This can be seen from the top down. Conventional media give little coverage to one of the most successful foodie events in the GTA. Key emphasis would be the food nerd blogs that is "whitey" restaurant centric and followed by many of you as evident by posting patterns seen here. Nary a mention on any of them about Night It Up. A comparable example like the food truck event draws a great deal of press. The difference is night & day.

              If using location as an excuse, the Toronto Rib Fest is similar in nature (suburban, car-centric), yet again generates more press.

              I'm happy people are paying more attention to this street/food truck trend of late, but night it up's been doing for a good few years before it became trend du jour.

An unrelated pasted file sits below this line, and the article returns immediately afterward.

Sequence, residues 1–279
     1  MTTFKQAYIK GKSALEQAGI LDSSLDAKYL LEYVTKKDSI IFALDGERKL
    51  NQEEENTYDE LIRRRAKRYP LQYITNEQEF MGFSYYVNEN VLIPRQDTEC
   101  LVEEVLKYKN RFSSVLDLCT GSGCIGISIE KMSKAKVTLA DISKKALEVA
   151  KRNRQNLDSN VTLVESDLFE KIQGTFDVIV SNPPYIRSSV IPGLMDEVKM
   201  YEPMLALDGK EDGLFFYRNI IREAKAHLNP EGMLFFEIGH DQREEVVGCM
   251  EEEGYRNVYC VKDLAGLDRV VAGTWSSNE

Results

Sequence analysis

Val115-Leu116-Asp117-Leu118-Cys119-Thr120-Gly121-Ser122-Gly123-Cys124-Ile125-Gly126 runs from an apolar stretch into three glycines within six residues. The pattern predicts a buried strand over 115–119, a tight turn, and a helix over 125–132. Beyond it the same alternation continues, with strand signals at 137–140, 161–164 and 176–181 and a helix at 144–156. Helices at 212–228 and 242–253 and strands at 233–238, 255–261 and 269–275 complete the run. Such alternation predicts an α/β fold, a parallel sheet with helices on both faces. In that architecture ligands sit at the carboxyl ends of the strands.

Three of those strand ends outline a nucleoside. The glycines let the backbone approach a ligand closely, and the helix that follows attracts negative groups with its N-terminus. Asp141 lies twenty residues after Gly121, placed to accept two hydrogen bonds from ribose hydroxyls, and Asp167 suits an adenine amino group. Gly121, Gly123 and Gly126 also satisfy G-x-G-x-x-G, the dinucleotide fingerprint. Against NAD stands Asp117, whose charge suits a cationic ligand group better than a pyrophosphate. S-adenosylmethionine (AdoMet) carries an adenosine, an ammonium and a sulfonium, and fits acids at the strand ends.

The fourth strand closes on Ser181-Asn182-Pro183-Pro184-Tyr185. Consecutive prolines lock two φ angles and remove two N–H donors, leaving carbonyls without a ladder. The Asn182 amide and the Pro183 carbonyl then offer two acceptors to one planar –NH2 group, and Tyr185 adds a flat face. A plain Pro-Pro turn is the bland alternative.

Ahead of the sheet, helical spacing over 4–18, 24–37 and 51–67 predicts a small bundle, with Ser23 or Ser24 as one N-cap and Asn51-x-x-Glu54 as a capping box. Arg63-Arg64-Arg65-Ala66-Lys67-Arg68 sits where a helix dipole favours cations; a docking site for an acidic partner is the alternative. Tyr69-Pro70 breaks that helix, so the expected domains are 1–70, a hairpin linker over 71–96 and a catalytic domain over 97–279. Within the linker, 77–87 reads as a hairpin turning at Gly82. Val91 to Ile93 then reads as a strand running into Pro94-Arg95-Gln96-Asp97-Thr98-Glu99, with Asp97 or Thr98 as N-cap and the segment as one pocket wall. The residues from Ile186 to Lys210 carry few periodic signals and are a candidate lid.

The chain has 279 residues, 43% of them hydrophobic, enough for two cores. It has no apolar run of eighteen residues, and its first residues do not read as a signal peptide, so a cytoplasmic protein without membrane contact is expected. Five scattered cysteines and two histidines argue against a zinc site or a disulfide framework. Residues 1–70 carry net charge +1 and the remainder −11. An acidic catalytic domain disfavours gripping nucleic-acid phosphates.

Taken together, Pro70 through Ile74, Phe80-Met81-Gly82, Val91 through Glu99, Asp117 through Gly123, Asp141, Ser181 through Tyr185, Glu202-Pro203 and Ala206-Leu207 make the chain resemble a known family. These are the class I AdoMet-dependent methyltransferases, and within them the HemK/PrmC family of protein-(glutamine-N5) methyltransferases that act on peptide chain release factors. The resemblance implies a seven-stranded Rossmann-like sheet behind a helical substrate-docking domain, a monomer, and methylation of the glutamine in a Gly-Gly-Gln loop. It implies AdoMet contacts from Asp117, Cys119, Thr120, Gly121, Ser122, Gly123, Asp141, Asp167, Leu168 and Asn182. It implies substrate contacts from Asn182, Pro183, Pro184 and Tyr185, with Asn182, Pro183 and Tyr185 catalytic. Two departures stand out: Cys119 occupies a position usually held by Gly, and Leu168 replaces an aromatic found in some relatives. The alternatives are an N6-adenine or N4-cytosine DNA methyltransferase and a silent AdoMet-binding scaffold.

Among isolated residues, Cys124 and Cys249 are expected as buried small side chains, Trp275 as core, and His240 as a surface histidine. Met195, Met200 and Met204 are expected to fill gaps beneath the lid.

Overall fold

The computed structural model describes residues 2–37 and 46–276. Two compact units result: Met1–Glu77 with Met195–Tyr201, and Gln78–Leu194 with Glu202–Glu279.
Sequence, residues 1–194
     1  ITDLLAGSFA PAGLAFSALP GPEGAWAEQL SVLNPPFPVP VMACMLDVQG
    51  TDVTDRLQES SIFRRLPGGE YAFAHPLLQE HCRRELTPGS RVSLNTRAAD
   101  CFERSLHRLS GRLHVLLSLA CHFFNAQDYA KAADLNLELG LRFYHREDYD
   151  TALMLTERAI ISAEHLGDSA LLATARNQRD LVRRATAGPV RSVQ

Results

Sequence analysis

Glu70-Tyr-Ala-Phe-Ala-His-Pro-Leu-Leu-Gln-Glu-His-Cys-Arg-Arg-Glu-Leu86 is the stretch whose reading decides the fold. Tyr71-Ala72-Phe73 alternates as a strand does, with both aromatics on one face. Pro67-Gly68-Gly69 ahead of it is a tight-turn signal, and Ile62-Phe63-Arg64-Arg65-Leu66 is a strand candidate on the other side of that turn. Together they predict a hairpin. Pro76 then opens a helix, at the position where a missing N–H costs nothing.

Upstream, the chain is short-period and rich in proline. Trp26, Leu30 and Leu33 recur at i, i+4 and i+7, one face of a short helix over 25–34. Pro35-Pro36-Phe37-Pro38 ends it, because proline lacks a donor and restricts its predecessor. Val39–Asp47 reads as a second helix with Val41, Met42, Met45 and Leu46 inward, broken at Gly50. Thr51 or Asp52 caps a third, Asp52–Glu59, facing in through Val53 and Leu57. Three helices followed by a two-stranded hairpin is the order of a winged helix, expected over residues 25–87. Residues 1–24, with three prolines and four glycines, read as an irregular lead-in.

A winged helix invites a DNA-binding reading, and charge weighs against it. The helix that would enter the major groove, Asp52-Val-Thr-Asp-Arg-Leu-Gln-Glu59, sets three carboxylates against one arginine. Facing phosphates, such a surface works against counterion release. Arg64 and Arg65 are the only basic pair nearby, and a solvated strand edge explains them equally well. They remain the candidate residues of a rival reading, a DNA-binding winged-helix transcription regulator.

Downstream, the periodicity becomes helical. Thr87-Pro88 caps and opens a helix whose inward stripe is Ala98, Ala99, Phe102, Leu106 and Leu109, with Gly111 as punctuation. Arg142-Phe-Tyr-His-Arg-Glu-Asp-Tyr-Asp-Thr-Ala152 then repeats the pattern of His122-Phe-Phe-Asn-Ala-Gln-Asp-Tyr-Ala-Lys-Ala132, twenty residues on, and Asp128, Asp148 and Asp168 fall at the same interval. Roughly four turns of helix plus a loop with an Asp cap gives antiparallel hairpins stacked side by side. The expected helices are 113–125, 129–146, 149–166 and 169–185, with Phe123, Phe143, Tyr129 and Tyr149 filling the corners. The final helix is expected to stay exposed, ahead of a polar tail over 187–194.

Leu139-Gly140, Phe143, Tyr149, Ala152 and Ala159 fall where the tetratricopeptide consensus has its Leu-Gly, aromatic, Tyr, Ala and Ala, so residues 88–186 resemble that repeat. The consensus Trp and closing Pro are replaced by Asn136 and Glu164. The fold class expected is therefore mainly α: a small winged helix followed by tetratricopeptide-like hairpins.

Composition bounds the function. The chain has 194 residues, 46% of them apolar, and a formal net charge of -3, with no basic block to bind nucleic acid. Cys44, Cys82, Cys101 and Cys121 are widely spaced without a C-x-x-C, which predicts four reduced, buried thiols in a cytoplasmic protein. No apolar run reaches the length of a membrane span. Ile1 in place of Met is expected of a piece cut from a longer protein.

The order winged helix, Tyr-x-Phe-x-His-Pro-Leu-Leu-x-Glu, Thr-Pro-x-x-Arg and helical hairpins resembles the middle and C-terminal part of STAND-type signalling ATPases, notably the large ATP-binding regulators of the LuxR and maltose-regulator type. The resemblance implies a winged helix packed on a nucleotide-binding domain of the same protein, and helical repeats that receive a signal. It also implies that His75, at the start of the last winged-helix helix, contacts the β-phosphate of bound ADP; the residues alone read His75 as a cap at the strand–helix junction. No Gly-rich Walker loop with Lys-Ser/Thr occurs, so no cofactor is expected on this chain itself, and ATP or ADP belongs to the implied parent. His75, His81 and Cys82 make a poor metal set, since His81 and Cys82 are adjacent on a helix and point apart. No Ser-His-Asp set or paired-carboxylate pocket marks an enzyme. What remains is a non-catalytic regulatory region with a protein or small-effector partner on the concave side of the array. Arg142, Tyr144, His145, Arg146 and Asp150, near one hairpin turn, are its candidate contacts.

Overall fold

Toronto Life is a key example, which again speaks of the waspyness of their editorial slant.

              1. re: aser

                The Star had an article yesterday providing a good history of the event and its young organizers.

                1. re: aser

                  The T&T Waterfront Night Market has about 40-50 more vendors than NIU

            2. Two words to sum up most of the stalls at Night It Up:

              Amateur Hour.

              3 Replies
              1. re: Crispier Crouton

                Fortunately, I have easy parking to most of these events and do not have to worry about parking. We go mostly because it's something to do on a summer night.
                But agree find it difficult to understand why folks would line up for 1 hour or more to pay 2X the price for simple street food made by 'students' (?) or non-restaurants that you can get at Pacific Mall or other places. We used to go for stinky tofu but lineups are too too long. Diana's oysters if lineups are short. But lining up for fish balls, lamb skewers, oyster pancake and rice rolls in a crowded parking lot does not appeal to me.